Drupal 10: Programmatically Injecting Context Into Blocks

Context definitions in Drupal are really useful when you want to inject context into your plugins and I have been using them for a little while now. It has made building custom blocks to add content to pages much easier as I don't need to copy the same block of code to find an entity of a particular sort into the block plugin.

One problem I encountered when using this technique was when trying to programmatically create and render a block. The problem was that the context wasn't available in the block when it was used in this way, and it took me a little investigation to find out how to put all of the pieces together.

Rendering a block programmatically is sometimes a necessity to do when you need the block outside of the block's normal region. You might create a block that collects together the output of a number of blocks, which allows you to template them together in a very precise way. You might also need to print out a block without having to create a region on a page.

There are a few steps involved in getting things working in this way. In this article I will show how to print blocks programmatically, and how to do so using context.

To show the problem in detail, let's take an example of a block called UserContextBlock that has a user entity as the available context. This is a custom block, created in a custom module.

<?php

namespace Drupal\custom_contexts\Plugin\Block;

use Drupal\Core\Block\BlockBase;

/**
 * Provides a 'User' block.
 *
 * @Block(
 *  id = "user_context_block",
 *  label = "User Context Block",
 *  admin_label = @Translation("User Context Block"),
 *  context_definitions = {
 *    "user" = @ContextDefinition("entity:user", label = @Translation("User"))
 *  }
 * )
 */
class UserContextBlock extends BlockBase {

  /**
   * {@inheritdoc}
   */
  public function build() {
    /** @var \Drupal\user\Entity\User $user */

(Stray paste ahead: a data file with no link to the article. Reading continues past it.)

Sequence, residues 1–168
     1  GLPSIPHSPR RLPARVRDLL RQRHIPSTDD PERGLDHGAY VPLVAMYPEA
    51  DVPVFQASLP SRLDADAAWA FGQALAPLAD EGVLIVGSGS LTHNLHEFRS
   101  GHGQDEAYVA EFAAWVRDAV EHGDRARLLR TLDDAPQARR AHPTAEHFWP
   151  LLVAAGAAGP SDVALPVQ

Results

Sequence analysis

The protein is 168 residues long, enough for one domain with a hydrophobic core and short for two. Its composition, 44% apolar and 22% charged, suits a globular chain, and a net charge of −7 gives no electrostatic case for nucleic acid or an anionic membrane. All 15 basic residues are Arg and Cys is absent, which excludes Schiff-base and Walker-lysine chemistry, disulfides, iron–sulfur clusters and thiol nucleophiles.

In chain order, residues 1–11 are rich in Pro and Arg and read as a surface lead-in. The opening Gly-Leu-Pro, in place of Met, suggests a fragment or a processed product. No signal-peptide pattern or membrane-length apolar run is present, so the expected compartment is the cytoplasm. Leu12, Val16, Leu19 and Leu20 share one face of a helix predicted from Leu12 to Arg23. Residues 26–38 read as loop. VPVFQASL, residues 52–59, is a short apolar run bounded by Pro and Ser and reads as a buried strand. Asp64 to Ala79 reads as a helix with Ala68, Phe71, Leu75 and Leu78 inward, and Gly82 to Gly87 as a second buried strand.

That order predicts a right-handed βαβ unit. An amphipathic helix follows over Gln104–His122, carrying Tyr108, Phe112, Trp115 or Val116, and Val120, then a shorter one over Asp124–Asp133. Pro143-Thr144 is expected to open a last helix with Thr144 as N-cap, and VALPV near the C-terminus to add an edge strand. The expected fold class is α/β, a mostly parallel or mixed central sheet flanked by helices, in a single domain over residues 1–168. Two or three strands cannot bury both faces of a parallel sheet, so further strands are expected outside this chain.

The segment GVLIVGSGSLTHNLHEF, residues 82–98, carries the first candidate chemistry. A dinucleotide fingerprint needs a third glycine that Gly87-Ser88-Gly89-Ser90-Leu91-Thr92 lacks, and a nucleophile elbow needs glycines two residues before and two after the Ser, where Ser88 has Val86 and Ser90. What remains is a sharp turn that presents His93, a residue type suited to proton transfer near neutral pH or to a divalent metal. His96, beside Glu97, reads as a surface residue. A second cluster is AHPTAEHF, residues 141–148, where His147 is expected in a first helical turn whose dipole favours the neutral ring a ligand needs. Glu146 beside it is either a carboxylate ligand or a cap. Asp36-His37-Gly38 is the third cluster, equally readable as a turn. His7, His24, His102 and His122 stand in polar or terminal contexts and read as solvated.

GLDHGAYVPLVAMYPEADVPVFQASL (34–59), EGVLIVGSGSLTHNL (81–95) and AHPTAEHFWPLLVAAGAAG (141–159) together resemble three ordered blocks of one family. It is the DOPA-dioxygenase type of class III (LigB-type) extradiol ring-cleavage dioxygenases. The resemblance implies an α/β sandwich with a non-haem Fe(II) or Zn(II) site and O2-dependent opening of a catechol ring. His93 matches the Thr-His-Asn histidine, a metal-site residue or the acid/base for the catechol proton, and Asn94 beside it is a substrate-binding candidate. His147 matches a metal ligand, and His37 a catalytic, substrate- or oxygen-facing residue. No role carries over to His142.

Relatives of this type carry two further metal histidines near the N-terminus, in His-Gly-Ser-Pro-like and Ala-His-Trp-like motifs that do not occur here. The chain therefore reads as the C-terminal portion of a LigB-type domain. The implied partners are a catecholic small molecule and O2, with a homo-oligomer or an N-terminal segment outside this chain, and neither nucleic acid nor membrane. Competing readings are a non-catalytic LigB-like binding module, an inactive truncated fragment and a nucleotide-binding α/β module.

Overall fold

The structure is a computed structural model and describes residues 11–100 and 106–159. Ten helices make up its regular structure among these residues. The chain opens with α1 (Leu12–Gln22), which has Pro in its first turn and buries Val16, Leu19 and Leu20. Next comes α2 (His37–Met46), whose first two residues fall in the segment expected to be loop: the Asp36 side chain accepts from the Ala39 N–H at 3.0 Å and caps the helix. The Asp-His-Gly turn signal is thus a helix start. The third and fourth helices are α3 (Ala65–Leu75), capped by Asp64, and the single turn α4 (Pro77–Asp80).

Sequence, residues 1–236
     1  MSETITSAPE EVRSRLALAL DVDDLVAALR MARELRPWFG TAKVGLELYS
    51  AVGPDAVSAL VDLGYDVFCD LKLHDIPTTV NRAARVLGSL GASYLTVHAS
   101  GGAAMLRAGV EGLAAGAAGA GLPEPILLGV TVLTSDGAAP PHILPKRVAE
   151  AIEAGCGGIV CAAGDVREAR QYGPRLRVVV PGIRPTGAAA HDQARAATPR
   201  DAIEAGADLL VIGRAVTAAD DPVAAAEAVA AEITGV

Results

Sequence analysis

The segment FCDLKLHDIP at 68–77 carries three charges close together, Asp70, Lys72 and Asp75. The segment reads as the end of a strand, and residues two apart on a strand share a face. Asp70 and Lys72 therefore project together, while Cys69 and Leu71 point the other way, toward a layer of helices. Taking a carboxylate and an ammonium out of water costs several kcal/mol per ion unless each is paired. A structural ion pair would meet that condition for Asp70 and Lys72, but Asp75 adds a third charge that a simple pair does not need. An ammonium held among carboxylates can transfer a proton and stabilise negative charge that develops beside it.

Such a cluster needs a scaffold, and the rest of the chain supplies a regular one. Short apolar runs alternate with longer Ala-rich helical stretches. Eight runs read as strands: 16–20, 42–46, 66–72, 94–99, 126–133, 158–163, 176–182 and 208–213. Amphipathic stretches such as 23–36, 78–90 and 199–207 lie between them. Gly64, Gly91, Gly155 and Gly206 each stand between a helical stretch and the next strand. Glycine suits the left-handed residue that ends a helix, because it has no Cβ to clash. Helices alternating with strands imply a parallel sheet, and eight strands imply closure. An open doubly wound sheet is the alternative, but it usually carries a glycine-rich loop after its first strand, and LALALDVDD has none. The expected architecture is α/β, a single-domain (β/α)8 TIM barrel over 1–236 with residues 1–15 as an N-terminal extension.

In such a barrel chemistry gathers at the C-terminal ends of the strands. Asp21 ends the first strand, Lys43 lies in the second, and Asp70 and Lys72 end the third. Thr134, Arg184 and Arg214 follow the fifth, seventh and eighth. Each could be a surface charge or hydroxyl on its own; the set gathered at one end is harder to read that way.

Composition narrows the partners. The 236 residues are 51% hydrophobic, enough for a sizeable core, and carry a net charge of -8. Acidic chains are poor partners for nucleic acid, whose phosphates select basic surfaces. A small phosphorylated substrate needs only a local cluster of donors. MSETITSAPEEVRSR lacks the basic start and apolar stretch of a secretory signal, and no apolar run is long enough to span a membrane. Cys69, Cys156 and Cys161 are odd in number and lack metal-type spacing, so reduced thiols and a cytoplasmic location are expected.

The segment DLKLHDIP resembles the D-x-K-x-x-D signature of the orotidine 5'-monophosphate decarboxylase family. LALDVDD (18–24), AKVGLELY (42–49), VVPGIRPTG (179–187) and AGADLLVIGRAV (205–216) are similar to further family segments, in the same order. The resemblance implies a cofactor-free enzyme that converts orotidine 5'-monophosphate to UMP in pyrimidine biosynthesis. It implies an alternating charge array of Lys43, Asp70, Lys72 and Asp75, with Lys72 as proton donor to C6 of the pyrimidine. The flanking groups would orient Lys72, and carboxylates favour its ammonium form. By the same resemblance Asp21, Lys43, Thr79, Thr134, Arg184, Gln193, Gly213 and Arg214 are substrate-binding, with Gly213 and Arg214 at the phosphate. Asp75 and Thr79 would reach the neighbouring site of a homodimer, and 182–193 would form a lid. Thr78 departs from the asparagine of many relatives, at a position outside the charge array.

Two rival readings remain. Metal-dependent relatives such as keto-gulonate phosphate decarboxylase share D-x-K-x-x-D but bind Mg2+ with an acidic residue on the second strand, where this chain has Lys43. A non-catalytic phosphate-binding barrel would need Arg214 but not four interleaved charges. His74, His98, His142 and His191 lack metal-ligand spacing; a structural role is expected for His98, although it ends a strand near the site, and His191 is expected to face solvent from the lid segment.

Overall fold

$user = $this->getContextValue('user');

    if ($user) {
      $build['user'] = [
        '#markup' => $this->t('Username: ') . $user->getAccountName(),
      ];
    }
    return $build;
  }

}

When injected through the Drupal administration UI, this block functions correctly by printing out the user's name.

To render the block programmatically we need to use the plugin.manager.block service. We use this service to create an instance of the UserContextBlock object, which we can then use to generate the render array that contains the content of the block. We can also use this object to perform access checks on the block as well if requried.

The following code is a section of a controller class that has an action method called blockPage(). The create() method is a method used to inject services into objects and in this case we are adding the plugin.manager.block to render the block and the current_user service, which we can use to perform an access check.

public static function create(ContainerInterface $container) {
  $object = parent::create($container);

  $object->pluginManagerBlock = $container->get('plugin.manager.block');
  $object->currentUser = $container->get('current_user');

  return $object;
}

public function blockPage() {
  // Create the block object.